Wednesday, June 24, 2009
aya de yopougon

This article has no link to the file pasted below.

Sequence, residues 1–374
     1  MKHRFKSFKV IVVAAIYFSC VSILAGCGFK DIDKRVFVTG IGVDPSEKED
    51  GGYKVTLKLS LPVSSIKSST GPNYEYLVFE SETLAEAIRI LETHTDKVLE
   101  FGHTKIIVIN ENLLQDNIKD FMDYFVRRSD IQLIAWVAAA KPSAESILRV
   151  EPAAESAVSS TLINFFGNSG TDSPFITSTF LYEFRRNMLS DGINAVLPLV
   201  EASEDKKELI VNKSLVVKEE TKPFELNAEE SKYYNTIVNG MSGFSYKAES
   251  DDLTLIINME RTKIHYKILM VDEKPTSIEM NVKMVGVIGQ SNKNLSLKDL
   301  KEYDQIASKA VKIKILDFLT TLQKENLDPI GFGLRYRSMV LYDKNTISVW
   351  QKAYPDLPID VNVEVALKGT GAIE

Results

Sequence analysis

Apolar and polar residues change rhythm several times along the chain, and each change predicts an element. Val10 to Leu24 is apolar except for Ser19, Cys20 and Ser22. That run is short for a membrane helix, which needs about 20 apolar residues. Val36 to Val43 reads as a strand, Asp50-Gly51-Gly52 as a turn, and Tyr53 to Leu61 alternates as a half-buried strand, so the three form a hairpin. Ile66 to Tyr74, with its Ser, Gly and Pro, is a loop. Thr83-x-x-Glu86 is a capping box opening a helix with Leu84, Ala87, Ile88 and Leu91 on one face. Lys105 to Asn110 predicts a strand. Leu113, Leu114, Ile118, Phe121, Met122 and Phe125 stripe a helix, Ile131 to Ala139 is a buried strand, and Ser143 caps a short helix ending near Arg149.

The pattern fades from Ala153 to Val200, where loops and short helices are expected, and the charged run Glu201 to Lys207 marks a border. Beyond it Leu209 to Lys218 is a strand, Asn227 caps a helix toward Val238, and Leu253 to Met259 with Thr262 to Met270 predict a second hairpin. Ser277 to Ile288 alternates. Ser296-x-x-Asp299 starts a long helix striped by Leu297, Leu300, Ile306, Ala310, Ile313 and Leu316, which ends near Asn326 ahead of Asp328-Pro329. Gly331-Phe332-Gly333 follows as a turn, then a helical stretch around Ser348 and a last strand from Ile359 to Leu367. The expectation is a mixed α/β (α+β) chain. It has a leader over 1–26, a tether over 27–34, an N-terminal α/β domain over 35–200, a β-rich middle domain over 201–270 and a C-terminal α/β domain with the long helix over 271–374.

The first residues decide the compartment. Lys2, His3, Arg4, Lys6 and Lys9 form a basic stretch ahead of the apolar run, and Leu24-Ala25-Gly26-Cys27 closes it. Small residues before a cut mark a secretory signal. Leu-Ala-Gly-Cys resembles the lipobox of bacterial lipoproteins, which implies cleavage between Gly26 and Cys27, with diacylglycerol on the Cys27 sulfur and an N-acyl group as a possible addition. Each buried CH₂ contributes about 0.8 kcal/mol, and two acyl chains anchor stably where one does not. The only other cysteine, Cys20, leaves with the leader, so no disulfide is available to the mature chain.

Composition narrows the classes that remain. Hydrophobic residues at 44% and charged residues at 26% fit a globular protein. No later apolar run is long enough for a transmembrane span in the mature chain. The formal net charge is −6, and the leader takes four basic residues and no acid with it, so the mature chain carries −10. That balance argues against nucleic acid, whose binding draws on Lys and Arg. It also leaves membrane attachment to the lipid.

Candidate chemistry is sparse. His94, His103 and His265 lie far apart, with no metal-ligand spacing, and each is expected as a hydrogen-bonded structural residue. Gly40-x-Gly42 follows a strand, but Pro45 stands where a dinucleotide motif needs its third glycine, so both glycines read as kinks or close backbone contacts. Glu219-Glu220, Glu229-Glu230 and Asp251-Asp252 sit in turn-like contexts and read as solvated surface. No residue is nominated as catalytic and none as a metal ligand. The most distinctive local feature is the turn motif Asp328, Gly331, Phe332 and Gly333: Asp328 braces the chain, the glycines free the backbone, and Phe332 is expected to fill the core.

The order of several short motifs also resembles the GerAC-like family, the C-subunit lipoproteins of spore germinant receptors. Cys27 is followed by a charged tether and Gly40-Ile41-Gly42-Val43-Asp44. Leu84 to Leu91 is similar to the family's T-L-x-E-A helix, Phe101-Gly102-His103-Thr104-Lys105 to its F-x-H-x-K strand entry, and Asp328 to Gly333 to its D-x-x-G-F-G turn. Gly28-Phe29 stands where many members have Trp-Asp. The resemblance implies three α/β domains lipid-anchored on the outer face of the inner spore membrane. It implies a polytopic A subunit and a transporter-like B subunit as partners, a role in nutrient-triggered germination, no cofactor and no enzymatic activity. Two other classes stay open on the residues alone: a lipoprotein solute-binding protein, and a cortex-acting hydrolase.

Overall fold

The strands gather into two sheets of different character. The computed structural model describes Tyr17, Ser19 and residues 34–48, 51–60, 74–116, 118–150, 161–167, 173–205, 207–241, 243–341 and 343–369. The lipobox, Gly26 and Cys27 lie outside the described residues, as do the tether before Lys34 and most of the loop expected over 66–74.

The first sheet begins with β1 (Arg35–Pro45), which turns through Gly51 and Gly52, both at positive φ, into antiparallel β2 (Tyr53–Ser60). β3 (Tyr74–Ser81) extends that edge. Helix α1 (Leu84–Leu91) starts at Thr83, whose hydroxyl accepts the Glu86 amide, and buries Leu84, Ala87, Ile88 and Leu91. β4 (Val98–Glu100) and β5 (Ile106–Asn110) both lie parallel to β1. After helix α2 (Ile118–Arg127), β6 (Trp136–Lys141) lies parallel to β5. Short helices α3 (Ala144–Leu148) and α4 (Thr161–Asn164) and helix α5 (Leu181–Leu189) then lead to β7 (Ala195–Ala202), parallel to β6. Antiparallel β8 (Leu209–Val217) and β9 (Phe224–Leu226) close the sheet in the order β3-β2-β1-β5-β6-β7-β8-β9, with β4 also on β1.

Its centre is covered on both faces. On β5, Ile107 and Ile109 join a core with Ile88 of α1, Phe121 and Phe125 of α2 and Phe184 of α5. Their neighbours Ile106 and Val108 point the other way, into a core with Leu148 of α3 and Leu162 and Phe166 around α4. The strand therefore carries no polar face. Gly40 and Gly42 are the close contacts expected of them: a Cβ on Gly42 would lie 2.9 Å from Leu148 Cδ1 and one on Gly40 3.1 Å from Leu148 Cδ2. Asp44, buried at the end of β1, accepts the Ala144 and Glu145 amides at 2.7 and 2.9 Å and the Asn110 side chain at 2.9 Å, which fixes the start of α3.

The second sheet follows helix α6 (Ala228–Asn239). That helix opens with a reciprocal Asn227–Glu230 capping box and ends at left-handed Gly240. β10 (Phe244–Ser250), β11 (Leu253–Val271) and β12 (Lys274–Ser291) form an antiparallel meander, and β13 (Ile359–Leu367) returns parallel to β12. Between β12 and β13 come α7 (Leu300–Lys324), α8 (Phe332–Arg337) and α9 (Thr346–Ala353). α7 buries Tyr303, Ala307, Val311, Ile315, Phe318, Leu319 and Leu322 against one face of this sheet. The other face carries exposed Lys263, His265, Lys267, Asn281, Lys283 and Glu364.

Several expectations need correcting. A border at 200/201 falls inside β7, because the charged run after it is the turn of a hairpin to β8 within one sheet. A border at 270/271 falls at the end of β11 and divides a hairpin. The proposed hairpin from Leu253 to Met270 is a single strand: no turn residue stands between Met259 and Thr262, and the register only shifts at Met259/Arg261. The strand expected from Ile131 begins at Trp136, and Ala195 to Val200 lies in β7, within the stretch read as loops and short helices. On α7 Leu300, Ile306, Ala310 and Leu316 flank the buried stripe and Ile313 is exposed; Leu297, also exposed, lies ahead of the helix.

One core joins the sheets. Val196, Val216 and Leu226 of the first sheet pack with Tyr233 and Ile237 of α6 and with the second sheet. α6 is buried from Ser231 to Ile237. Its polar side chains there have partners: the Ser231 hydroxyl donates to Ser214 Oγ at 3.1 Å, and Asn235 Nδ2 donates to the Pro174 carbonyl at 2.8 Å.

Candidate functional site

The best stories have the power to transport us to places we’ll never see in our lifetimes, and do that in such a way that we feel immediately engrossed in these new worlds. From that standpoint, graphic novels tend to be so fantastic that though it’s an awe-inspiring world, it’s not one in which we feel at home (I would argue this is true of many of the greats, including Watchmen and From Hell). However, in the case of many good autobiographical graphic novels I’ve read, it’s easy to slip into those worlds. Aya de Yopougon reminds me of No. 1 Ladies Detective Agency (well, the episodes I saw on TV) mixed with a little non-tragic Tess of the D’Urbervilles (no, really!). The smart and plucky heroine Aya, with her aspirations to become a doctor in 1970s Abidjan, is a nice foil for her harmless, boy-chasing friends Bintou and Adjoua. The Francophone nature of Côte d’Ivoire makes the book of special interest to me, though I shamefully confess I don’t know that much about French-speaking Africa (we read some Algerian writers and I knew someone who went on exchange many times to French-speaking Africa). My favorite section is the Ivorian Bonus, with tips on how to wrap a pagne, how to shake your tassaba, and recipes! Clément Oubrerie’s simple drawings are full of character, and Marguerite Abouet’s text is engaging and genuine. The humor strikes me as very similar to Mma Ramotse’s in N1LDA, though some of the sweaty dance sequences remind me of a slightly less sinister Moses Jones. I’d recommend it (and maybe I’ll even buy Jamie the sequel).